Safety Tips for Night Shift Nurses

Gayle Morris, MSN
Updated September 8, 2023
    Working the night shift presents unique challenges, one of which is staying safe. These 13 tips help keep you safe and protect patient outcomes.
    Featured ImageCredit: Jetta Productions Inc / Getty Images
    • Most nurses work night shifts during their career, which can increase their chances of encountering an unsafe situation.
    • Risks rise with less staff in the hospital, nurses working hours opposite of their circadian rhythm, and a higher patient-to-staff ratio.
    • Using these safety tips for night shift nurses can empower you to pay attention to personal safety, prepare for an emergency, and protect your health.

    Working the night shift presents unique challenges, including staying safe. Whether arriving at work after dark, walking empty hospital halls during the night, or driving home exhausted, it’s important to stay safe.

    Most nurses work night shifts at some point during their careers. A higher patient-to-nurse ratio, smaller support staff, and battling your circadian rhythm are just a few of the challenges facing night nurses. Our contributors are familiar with the safety issues night shift nurses face and offer tips to help keep you safe.

    Find out how you can stay safe working as a night shift nurse.

    What Do Night Shift Nurses Do?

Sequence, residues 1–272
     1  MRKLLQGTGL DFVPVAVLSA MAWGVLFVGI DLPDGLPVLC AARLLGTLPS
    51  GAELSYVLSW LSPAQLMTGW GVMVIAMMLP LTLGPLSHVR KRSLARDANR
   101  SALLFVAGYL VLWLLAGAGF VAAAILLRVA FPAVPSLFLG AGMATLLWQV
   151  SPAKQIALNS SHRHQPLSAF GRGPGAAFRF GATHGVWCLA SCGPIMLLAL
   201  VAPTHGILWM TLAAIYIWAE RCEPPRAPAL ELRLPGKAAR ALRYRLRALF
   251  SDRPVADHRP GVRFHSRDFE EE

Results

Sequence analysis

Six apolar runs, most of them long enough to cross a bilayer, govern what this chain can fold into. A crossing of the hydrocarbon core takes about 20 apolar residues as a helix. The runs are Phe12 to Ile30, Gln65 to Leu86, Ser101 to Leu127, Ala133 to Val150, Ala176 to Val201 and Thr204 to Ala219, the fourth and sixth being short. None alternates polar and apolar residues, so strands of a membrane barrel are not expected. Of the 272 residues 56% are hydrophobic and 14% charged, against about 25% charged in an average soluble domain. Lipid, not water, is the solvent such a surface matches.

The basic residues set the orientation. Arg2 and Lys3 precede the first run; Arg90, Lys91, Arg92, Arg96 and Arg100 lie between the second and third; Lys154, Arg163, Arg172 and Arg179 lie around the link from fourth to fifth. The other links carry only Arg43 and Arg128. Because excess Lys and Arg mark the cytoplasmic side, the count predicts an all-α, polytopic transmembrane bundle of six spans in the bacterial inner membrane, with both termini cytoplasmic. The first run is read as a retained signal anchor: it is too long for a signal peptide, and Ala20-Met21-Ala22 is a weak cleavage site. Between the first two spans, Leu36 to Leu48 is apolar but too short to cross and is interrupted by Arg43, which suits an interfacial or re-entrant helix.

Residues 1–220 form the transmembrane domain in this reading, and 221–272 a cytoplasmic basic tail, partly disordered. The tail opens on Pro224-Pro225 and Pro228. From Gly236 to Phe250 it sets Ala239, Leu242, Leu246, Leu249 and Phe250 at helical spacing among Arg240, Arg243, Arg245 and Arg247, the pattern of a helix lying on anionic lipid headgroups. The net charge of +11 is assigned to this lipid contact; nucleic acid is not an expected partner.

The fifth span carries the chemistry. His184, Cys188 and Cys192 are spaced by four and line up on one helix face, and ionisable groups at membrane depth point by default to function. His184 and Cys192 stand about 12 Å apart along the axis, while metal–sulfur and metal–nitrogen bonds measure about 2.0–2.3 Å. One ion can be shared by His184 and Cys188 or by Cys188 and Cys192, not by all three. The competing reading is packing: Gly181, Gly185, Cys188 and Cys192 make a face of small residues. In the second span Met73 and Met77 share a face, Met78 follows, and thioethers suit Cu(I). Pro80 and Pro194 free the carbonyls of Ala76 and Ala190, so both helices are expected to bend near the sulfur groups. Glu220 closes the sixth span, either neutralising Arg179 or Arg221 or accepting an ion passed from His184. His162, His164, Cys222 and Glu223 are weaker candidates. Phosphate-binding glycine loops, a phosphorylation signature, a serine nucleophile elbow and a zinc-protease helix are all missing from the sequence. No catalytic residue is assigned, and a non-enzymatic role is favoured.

During a typical night shift, you’ll receive a report from the day shift and begin planning the night based on which patients are going to surgery, getting treatment, need greater attention during the evening, or must undergo special preparation for testing in the morning.

    Night shift nurses meet their patients and do a head-to-toe assessment before their patients go to sleep. For the next several hours, they complete the doctor’s orders that weren’t finished during the day shift, answer call lights, give as-needed medications, and schedule intravenous drips.

    Most nurses share that between 2:00 a.m. and 4:00 a.m. they can get extremely sleepy; some even experience nausea from being tired. This is also a time when there is little to do during the night shift. Starting at 5:00 a.m., patients wake up, lab techs arrive to draw morning labs, and night nurses administer morning medication.

    Night Shift Nursing vs. Day Shift Nursing

    The largest noticeable difference is the drop in activity. During daylight hours, the hallways bustle with activities from physicians, social workers, support staff, therapists, and dietitians. The area becomes more peaceful during the night shift and may appear less stressful.